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Saturday, April 16, 2011

the BA and the PMO

Down in Sao Paolo this week for a BA Congress I heard a lot of talk about the PMO. Since it was a BA Congress the talk centered on the role of the BA when there is a PMO. One of the interesting answers, one that is being implemented by many companies in North as well as South America, is positioning the BA as the information gatherer for the PMO decision making process. The business analyst defines the real business problem and the conditions and impacts of that problem so that the PMO can make a reasoned decision about whether the problem should be solved. Sometimes the business analyst authors the business case and sometimes the business analyst participates in the creation of the project charter, both of which may be used as decision papers. When the business analyst is assigned to support the project and assist in defining the solution, the business analyst is also keeping an eye on the business to make sure the problem still needs solving so that the organization does not get a zombie project (a project that has lost its life in terms of useful return to the organization, but still continues because no one wants to stop it).
In many of these instances, the business analyst works directly for the independent and objective Project Management Office rather than for IT or some specific business unit. I like the concept.

Saturday, April 2, 2011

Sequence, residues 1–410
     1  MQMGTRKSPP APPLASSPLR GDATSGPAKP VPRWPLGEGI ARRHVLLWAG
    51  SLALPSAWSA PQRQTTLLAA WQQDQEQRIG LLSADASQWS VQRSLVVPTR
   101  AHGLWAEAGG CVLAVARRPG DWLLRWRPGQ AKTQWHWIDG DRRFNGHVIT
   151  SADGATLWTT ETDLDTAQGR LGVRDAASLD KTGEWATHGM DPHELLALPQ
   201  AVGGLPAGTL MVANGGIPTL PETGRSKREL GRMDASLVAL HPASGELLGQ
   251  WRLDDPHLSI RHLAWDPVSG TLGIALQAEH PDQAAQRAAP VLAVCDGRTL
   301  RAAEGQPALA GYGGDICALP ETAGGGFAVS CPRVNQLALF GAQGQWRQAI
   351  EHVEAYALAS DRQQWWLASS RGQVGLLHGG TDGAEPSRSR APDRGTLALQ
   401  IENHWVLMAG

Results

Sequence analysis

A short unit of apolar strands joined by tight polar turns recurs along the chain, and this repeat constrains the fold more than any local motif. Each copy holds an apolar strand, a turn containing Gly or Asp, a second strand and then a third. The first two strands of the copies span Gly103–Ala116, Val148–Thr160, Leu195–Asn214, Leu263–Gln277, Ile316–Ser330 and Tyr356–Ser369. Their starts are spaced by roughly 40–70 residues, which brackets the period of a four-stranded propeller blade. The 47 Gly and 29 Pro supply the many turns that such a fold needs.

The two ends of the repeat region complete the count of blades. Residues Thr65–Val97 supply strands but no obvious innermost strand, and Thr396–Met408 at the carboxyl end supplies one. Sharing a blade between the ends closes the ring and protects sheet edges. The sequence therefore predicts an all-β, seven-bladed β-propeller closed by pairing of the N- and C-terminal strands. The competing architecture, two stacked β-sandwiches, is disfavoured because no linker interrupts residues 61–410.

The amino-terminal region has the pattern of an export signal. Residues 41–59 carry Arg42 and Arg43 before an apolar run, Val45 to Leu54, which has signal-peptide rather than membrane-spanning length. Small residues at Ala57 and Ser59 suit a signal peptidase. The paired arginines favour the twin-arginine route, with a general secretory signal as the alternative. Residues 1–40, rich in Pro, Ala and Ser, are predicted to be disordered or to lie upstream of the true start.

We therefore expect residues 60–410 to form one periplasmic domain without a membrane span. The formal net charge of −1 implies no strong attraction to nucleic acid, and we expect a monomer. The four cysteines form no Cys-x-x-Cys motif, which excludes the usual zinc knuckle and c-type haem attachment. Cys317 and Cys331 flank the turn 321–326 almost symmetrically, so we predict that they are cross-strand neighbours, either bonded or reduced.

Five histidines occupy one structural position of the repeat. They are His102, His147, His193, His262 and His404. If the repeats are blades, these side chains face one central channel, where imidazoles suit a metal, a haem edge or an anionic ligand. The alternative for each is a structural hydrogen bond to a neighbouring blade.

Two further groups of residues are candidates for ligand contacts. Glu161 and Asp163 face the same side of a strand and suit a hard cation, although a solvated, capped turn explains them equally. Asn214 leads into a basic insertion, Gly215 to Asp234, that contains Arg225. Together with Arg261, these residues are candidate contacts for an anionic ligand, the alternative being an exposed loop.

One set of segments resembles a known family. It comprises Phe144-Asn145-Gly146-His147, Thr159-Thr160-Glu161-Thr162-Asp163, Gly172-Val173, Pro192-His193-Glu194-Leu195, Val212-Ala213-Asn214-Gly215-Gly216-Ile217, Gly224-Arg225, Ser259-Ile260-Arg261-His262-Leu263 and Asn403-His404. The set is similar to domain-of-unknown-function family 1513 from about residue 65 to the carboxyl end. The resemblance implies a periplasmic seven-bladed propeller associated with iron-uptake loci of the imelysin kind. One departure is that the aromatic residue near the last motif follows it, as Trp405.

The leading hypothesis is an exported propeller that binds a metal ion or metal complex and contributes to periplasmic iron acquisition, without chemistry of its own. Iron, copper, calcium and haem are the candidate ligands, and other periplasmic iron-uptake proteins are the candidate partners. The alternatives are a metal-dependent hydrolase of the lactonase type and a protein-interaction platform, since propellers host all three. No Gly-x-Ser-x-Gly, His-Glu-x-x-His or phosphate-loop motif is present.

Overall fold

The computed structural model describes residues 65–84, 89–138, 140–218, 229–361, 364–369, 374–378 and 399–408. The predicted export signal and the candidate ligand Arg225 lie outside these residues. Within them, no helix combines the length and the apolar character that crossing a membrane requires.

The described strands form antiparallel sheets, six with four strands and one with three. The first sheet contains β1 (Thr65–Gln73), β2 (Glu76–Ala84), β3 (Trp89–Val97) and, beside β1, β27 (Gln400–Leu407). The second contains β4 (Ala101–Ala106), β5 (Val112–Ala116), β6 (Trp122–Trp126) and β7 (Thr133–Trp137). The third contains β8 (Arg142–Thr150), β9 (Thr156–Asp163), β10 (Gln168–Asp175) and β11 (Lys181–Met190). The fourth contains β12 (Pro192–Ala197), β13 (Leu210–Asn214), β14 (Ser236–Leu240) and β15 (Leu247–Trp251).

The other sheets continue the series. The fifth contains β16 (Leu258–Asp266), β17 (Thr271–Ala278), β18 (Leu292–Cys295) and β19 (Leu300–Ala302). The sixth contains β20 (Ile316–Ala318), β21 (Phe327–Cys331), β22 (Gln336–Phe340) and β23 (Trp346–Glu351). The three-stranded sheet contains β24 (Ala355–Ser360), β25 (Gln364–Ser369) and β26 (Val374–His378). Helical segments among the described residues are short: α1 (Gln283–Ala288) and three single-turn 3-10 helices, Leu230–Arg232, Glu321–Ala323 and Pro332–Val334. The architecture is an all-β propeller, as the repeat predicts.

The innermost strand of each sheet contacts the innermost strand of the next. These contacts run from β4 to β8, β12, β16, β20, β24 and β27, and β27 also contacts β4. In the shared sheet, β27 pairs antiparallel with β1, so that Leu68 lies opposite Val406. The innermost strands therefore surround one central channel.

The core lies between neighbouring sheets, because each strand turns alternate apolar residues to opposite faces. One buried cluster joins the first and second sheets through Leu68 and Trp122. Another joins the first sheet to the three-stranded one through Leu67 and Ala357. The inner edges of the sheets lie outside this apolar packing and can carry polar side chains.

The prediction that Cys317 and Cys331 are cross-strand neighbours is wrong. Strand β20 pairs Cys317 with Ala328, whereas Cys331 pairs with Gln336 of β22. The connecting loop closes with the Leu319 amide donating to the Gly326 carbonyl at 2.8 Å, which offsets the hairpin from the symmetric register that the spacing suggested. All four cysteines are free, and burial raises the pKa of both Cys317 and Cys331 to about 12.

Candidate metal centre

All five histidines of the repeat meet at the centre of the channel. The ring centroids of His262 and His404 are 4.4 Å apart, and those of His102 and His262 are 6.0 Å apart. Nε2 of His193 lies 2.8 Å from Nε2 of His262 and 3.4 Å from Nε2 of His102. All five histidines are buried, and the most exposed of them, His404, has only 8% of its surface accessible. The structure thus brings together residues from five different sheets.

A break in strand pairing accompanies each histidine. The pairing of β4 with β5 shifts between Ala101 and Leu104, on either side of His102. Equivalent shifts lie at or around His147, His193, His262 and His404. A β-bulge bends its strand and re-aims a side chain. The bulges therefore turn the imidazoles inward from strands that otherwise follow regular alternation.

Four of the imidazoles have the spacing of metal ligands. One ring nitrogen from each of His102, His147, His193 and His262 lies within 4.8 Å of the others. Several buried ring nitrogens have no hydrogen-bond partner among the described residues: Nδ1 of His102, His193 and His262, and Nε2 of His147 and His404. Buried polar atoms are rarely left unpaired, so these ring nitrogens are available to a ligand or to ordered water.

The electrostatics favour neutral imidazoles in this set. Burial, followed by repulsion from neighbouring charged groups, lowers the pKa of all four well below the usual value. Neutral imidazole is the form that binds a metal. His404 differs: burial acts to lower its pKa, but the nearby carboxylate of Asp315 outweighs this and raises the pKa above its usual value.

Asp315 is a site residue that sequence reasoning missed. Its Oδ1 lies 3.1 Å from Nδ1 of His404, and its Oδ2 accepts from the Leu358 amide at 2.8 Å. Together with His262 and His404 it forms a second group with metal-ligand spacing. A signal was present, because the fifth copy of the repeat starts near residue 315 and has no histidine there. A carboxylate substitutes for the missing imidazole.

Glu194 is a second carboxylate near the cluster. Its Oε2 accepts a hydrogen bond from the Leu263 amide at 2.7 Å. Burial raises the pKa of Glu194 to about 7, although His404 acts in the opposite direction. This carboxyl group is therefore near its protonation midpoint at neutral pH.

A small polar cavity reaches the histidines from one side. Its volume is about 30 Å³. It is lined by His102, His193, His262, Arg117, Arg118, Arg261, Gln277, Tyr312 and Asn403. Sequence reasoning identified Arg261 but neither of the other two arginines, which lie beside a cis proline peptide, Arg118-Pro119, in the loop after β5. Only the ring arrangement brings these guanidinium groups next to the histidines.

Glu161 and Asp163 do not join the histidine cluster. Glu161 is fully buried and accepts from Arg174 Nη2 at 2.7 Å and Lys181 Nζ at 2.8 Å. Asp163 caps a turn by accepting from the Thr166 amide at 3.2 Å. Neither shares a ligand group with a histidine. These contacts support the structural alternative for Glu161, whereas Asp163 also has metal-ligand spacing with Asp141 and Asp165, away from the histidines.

The Business Analyst as Producer

In the theater, both live stage and movies, there is a role called "producer". In many cases, the producer is the financial backer of the movie or play, and may be silent having no further interaction with the project other than signing checks. Most producers are actively involved with the making of the movie or staging of the play. The primary goal of the producer is to oversee and deliver a project while preserving the integrity and vision of the film or stage production.
The business analyst does not usually finance a project. However, the business analyst is responsible for the integrity of the solution and the approval of the audience, namely the business community.
The producer starts work by obtaining the rights to a work to be transferred to the screen or stage or approves a script for production. This then is the problem statement: the script is not a movie. The business analyst starts work by defining the business problem. From there the roles are fairly similar.
Wile it is the director who works with the actors, the stagehands, the cameramen, the extras, the stuntmen, the makeup and costumers and so forth to implement the production, the producer interacts with marketing and potential audiences and publicity and all those factors that influence the final result outside the sound stage. It is the project manager who performs that role with the business analyst, directing and managing the solution team of programmers, testers, data base analysts, architects and so on. The business analyst provides the feedback from the audience - the stakeholders and business community - and keeps the project aimed at the target of solving the business problem.
Perhaps in these days of agility when the business analyst who only defines requirements is considered to be superfluous, recasting ourselves as IT producers wedded to organizing the entire product from problem definition to solution in the business environment might be a valid compromise.